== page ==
Reports surfaced in September that the wife of an officer in the North Hamgyong Province Ministry of Social Security in North Korea had been murdered. Now, suspects have reportedly been apprehended in that case.
Two suspects in the murder were arrested in mid-October by the Hoeryong Ministry of Social Security, according to Daily NK. The two suspects are both females. One is thirty years old and the other is forty years old.
The report said the investigation proceeded quicker than these types of cases in North Korea typically do, with the probe beginning just five days after the crime.
The online newspaper’s source described the case as a “grave case politically” because the murder of a prominent person took place in “broad daylight.”
One suspect had spoken on the phone with the victim on the day of the murder, according to the report. Following interrogation, she “conspired with [the other suspect] to murder the victim after luring her to the area near the [local] zoo.” And in a twist, it turned out that both suspects “were informants of the victim’s husband, an officer with the Ministry of Social Security,” the Daily NK reported.
“The local Ministry of Social Security appears to be attempting to conceal the results of the investigation, possibly because of the impact the case could have [on public opinion],” according to the Daily NK.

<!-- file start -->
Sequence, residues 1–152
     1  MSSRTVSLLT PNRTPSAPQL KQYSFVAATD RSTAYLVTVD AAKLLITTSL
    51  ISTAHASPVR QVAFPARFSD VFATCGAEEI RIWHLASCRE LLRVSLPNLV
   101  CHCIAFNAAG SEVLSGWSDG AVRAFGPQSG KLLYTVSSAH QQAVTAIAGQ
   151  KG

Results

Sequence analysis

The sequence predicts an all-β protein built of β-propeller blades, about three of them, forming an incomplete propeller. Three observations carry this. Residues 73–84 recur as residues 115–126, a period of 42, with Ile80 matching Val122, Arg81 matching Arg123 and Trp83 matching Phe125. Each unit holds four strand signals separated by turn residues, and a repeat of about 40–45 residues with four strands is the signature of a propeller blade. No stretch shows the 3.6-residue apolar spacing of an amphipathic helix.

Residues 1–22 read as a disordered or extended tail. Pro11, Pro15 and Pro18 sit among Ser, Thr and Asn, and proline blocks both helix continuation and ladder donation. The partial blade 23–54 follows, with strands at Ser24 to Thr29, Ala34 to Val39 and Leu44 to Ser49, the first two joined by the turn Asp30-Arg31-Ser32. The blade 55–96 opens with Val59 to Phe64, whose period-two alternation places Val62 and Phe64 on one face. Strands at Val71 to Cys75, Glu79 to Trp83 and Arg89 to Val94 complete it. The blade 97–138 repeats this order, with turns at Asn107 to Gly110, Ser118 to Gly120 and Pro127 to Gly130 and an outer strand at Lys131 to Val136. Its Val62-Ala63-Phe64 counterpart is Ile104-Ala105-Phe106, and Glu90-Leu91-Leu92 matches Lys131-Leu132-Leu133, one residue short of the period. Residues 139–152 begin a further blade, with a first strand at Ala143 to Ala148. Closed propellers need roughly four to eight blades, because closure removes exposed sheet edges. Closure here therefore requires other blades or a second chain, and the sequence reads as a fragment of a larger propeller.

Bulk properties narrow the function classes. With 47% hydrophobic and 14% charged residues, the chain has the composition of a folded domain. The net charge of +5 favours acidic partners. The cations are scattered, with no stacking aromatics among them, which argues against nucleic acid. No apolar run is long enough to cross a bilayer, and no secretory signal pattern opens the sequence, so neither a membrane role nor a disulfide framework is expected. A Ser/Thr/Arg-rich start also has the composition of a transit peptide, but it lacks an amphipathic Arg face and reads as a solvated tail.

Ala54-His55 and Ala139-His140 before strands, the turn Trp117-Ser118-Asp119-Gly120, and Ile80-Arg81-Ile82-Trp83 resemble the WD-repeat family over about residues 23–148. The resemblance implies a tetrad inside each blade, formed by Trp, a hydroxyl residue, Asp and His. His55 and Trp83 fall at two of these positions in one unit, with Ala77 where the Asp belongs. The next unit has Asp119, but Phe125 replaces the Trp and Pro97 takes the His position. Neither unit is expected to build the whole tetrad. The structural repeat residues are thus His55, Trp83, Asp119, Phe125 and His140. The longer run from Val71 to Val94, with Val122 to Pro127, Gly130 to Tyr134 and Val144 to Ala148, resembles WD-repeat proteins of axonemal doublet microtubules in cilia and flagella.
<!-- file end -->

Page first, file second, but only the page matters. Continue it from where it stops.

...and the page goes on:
“A force of fifteen people were mobilized from the city’s Ministry of Social Security Criminal Investigation Department and the Inspection Department to track down the suspects,” Daily NK reported. “The decision to put such a large number of people on the case was made because the authorities apparently believed it would expedite the investigation.”
A murder carried out in relation to North Korea, by two young female suspects, draws echoes of the murder of Kim Jong-nam, the exiled older half-brother of North Korean leader Kim Jong-un. In 2017, Kim Jong-nam was killed in the airport in Kuala Lumpur, Malaysia, when a pair of young women approached him with the deadly nerve agent VX.
The two women claimed—in interviews and in a subsequent trial—that they thought they were participating in a YouTube prank show and had no idea about any assassination.
The affair was the subject of the 2020 documentary Assassins, which covered the backstories of both the Kim dynasty and the two women accused in the assassination. It also shared that Kim Jong-nam was exiled from the Kim family, in part, after he used a forged passport to attempt to visit Disneyland in Japan. The documentary noted that the two Kims, despite being brothers, had never met one another.
Stephen Silver, a technology writer for the National Interest, is a journalist, essayist and film critic, who is also a contributor to The Philadelphia Inquirer, Philly Voice, Philadelphia Weekly, the Jewish Telegraphic Agency, Living Life Fearless, Backstage magazine, Broad Street Review and Splice Today. The co-founder of the Philadelphia Film Critics Circle, Stephen lives in suburban Philadelphia with his wife and two sons. Follow him on Twitter at @StephenSilver.